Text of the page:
- Heartbreak City narrowly beaten by Almandin
- But owner Aidan Shiels delights in second place
(CNN)Winning isn't everything — just ask Irishman Aidan Shiels, owner of racehorse Heartbreak City.
Despite agonizingly losing out to German gelding Almandin in a thrilling Melbourne Cup finale, Shiels celebrated as if he'd galloped to victory himself.
"But you only finished second ..." bewildered Channel Seven correspondent Neil Kearney ventures as he tentatively raises the microphone towards the ecstatic owner.
"I don't care!" shrieks Shiels, nearly knocking over reporter with the sheer force of his exuberance. "I. Don't. Care."
"But this is the Melbourne Cup," retorts Kearney, eyes wide, jaw to the floor, as Melbourne punters titter in the background.
"We came here; we finished second!" screams Shiels. "We would have been happy with last!"
No wonder Shiels was happy.
Any quiver of disappointment he might have been feeling at coming second was quickly eclipsed by the realization that he and co-owners, Niall Reilly and Charlie Gavigan, had just pocketed a cool 85% of $900,000 — in other words, over $750,000.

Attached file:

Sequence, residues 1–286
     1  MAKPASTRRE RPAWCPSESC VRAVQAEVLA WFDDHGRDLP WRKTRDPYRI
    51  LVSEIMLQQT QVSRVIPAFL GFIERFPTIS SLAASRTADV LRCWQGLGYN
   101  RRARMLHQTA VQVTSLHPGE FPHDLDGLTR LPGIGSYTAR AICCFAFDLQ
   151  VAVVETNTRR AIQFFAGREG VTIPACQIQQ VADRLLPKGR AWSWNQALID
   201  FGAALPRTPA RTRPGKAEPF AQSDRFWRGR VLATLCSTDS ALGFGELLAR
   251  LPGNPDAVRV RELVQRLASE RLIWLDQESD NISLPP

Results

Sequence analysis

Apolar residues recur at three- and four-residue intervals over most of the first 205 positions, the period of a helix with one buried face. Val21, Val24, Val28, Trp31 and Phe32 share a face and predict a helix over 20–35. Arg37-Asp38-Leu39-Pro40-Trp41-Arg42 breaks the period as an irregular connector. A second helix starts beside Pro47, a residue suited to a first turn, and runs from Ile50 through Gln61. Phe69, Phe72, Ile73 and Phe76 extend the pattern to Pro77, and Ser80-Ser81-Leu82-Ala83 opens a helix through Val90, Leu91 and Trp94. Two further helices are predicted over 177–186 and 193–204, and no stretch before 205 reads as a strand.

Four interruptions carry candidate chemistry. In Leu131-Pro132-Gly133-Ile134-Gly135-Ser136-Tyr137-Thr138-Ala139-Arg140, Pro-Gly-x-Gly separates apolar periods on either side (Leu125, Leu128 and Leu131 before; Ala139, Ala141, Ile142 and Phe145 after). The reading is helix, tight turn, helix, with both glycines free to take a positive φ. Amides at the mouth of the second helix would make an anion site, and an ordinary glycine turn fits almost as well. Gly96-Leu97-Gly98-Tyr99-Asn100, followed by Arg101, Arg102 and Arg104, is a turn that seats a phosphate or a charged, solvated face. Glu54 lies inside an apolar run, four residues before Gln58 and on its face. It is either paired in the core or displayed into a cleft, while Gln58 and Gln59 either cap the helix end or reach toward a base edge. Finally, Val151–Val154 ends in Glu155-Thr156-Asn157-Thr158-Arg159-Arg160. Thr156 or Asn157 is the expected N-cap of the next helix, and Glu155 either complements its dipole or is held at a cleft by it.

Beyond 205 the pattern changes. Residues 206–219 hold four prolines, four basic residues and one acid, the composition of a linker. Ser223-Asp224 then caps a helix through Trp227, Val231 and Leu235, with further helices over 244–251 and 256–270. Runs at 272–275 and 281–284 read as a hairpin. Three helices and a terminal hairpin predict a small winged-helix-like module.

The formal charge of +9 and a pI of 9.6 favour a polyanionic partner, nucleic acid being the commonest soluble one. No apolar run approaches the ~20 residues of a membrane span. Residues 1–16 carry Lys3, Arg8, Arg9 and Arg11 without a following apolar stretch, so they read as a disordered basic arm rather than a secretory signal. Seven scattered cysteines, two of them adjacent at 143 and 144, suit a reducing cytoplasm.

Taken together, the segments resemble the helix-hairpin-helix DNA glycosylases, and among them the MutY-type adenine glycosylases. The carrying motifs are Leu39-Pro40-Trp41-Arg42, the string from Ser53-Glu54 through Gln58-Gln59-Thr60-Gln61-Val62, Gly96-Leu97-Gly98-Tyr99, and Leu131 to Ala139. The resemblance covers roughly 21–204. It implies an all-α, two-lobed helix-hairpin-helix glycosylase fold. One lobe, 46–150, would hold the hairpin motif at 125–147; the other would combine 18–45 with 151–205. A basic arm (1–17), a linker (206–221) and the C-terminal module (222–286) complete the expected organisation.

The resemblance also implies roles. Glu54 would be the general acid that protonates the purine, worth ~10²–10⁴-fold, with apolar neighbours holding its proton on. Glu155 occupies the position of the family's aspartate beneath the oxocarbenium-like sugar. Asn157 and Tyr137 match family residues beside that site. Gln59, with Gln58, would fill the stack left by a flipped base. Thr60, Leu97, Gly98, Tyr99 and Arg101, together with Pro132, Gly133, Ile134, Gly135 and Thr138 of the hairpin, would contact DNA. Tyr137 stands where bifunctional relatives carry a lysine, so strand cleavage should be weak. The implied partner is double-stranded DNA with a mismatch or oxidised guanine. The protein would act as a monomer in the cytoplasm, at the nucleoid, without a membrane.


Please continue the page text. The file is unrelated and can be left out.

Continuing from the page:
He had preceded his post-race TV interview by bellowing, "We'll take that boys! We'll take that!" before hugging Reilly and Gavigan, bystanders and anyone else that was close.
How to turn $10 into $240,000
If Kerrin McEvoy aboard Almandin crossed the line first, the Australian jockey wasn't the only winner on Tuesday.
For one lucky Melbourne Cup punter, the "race that stops a nation" was the last day of their life as they'd known it, having turned a speculative $10 into almost a quarter of a million dollars.
The betting website in question call the individual in question "an absolute genius" after they correctly predicted not just the race winner, but the order of the first four finishers.
Australian Prime Minister Malcolm Turnbull wasn't so fortunate, having tipped third-placed Hartnell for victory, though he did tweet that he'd won the office sweep.
The Melbourne Cup is Australia's richest and most famous race, with the nation transfixed as a field of international and local talent compete for the A$3.6 million (US$2.75 million) prize.